Some People Love Leap Day. Others Want It Gone.

Some People Love Leap Day. Others Want It Gone.

The strangest non-holiday of the year is upon us.

Leap day is a wrinkle in time that goes unmentioned on many wall and desk calendars. Those born on Feb. 29 may face problems when it comes to filling out forms or settling basic questions of identity.

“People didn’t believe me that I was born on a day that didn’t exist,” said Raenell Dawn, who was born Feb. 29, 1960, describing her school years.

In 1983, while working in retail, Ms. Dawn encountered a customer who was a fellow leap day baby. “I was so excited to meet him,” she said. Then came a moment of disappointment, when she learned that the man had no special feeling about his birthday.

“He didn’t seem to care one leaping bit!” Ms. Dawn said. “It made me realize — I’ve got to find people that are born on this birthday, that are happy about it, that get it.”

She started a club for “leapers” or “leaplings,” as she calls those born on Feb. 29. She recruited the first members via newspaper ads (it was the ’80s). Years later, she met Peter Brouwer, a leapling who had formed a similar club. They joined forces to create the Honor Society of Leap Day Babies.

Ms. Dawn, who lives in Oregon, said she would like to see leap year and leap day given the dignity of uppercase treatment. To support her case, she cites Groundhog Day, which is capitalized in dictionaries and news publications.

Ms. Dawn also tries to help self-hating leapers take pride in their special status. “They think it’s the stupidest day to be born,” she said. “I reply that Feb. 29 is the most important date on the calendar — it’s the date that keeps all the dates in line. Our birthdays represent balance and harmony.”

She said she has also written to calendar makers, asking them to print “Leap Day” in the box for Feb. 29. “I get no response,” Ms. Dawn said. “How much can it cost to write seven letters?”

Some cultures have treated the day as a 24-hour break from cultural norms. In an Irish folk tradition, women propose marriage to men on leap day. “Leap Year,” a 2010 romantic comedy starring Amy Adams, made use of this premise.

The former New York Times columnist Russell Baker objected to leap day’s place on the calendar. In a 1968 column, he wrote that it was “sheer masochism to take the perfectly good extra day that leap year gives us and use it to prolong February.” His solution? Move it to summer.

“July 32 is no more absurd than Feb. 29,” Mr. Baker wrote.

Chad Orzel, a professor of physics and astronomy at Union College and the author of “A Brief History of Timekeeping,” said the placement of the bonus day at the end of February is “just tradition.”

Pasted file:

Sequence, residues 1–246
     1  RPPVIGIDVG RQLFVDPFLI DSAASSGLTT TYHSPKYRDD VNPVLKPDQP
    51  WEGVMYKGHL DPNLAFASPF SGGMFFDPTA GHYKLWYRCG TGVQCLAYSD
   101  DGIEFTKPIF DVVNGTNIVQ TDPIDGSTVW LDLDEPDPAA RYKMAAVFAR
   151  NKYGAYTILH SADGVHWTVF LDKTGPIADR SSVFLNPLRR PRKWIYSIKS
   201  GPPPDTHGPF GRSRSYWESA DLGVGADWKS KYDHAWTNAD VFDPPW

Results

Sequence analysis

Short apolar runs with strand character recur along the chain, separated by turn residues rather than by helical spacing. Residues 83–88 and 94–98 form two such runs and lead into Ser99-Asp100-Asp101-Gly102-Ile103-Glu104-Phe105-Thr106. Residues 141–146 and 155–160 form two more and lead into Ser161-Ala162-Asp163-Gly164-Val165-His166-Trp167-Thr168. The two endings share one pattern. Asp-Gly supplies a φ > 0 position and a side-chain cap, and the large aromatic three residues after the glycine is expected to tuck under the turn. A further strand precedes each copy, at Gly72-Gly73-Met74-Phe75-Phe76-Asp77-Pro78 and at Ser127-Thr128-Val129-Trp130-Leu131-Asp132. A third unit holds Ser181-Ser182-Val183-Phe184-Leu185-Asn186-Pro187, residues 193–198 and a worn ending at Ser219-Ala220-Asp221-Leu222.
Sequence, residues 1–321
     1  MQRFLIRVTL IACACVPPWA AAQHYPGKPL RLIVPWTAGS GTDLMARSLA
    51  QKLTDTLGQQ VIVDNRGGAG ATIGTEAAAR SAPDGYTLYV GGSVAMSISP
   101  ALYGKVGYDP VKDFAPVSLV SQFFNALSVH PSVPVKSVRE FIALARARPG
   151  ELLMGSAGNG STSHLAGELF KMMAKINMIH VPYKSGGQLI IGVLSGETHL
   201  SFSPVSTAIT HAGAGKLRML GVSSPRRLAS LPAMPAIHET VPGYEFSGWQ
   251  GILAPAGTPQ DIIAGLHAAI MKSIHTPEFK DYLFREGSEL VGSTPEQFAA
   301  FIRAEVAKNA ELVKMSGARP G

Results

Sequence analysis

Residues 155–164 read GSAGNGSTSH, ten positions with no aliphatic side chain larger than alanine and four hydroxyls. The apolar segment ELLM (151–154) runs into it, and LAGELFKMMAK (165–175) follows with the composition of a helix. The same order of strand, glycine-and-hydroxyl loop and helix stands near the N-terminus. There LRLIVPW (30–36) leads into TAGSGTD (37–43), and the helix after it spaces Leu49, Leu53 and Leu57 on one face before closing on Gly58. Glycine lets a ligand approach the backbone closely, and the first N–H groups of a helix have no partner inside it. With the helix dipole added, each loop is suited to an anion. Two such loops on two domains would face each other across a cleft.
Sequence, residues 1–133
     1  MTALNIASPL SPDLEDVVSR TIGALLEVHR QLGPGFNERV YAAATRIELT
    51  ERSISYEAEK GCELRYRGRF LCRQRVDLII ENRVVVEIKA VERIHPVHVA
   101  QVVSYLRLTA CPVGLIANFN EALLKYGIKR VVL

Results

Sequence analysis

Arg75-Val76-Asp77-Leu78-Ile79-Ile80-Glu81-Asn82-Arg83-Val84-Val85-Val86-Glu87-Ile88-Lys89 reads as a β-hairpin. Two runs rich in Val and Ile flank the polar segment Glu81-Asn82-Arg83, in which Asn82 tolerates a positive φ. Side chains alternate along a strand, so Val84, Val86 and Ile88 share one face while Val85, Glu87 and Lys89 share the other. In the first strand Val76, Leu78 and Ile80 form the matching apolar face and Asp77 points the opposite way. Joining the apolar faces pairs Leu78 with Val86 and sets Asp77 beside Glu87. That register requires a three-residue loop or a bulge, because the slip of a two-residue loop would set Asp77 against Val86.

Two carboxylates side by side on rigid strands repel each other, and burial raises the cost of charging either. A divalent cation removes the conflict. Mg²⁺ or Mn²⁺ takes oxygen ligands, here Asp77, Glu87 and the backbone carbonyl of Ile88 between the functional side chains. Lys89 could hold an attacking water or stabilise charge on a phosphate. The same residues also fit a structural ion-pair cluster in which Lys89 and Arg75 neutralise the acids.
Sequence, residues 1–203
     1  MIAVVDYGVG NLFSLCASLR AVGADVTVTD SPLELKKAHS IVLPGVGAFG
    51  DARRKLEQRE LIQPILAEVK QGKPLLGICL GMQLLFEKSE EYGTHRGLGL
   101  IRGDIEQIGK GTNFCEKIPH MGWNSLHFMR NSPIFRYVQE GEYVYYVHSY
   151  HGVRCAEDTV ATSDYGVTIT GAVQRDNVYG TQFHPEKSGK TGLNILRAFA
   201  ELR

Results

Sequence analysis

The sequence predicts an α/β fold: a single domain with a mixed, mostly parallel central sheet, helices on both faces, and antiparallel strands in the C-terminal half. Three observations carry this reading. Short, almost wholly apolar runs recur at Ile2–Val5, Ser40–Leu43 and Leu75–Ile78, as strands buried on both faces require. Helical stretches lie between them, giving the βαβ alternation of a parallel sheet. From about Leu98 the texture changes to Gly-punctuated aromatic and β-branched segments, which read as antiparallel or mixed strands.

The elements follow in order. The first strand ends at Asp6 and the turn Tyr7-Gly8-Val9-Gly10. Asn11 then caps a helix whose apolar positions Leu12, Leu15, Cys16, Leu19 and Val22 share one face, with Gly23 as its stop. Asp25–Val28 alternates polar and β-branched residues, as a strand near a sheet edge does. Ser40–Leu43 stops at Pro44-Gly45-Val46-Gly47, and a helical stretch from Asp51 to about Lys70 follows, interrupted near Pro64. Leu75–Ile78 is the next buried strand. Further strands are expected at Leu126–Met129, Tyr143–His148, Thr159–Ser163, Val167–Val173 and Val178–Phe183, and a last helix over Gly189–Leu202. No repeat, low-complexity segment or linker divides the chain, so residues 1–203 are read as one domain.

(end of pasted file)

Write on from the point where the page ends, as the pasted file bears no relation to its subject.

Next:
“The Romans stuck it there,” he said, referring to the calendar established more than 2,000 years ago under Julius Caesar.

Leap year arose from the fact that the earth takes a little more than 365 days to orbit the sun — 365 days, 6 hours and 9 minutes, to be more exact. Without the occasional extra day, a calendar would fall out of sync with the seasons.

The ancient Romans nearly had it right when they added a 366th day every four years. But they had miscalculated a year’s length by 11 minutes. Over the centuries, those 11 minutes can really add up.

The Gregorian calendar — issued in 1582 by Pope Gregory XIII and still in use today — finally solved the problem known as calendrical drift. It did so by “removing leap-year status from three of every four century years, except for those divisible by 400,” Mr. Orzel said.

In recent years, time-measurement whizzes have proposed alternative calendars, including one created by two faculty members at Johns Hopkins University, Steve Hanke, a professor of applied economics, and Richard Henry, a professor of physics and astronomy. The Hanke-Henry Permanent Calendar eliminates leap day and solves calendrical drift with the addition of a full week at the end of December every six years.

“The geek crowd, the Silicon Valley crowd, they go for this stuff,” Mr. Hanke said. But practically speaking, he added, there has been no interest in ditching the current format.

Leap day babies would probably not back the Hanke-Henry calendar, given its treatment of their birthday. But at least they have their own anthem, a song called “2/29” by the San Diego rock band Rookie Card.

Sample lines:

So you think it’s rough being born near Christmas?

Try coming out on a day that doesn’t exist

In three years out of four

I’ll have faith no more

Adam Gimbel, 52, a band member born in September, said he wrote the song as a result of a fleeting thought: “I wonder if people born on leap day have this sense that the world is frowning on them.”

His banger made its way to the leap day advocate Ms. Dawn, who shared it with her community. This year, Mr. Gimbel made a music video for “2/29,” featuring leap day babies singing the lyrics.

“What’s funny is how many letters I’ve gotten from people saying, ‘You really understand us,’” he said.

As for Ms. Dawn, she’ll be turning 64 on leap day — or, rather, sweet 16.

”Oh, man,” she said. “It’s like Christmas is coming.”

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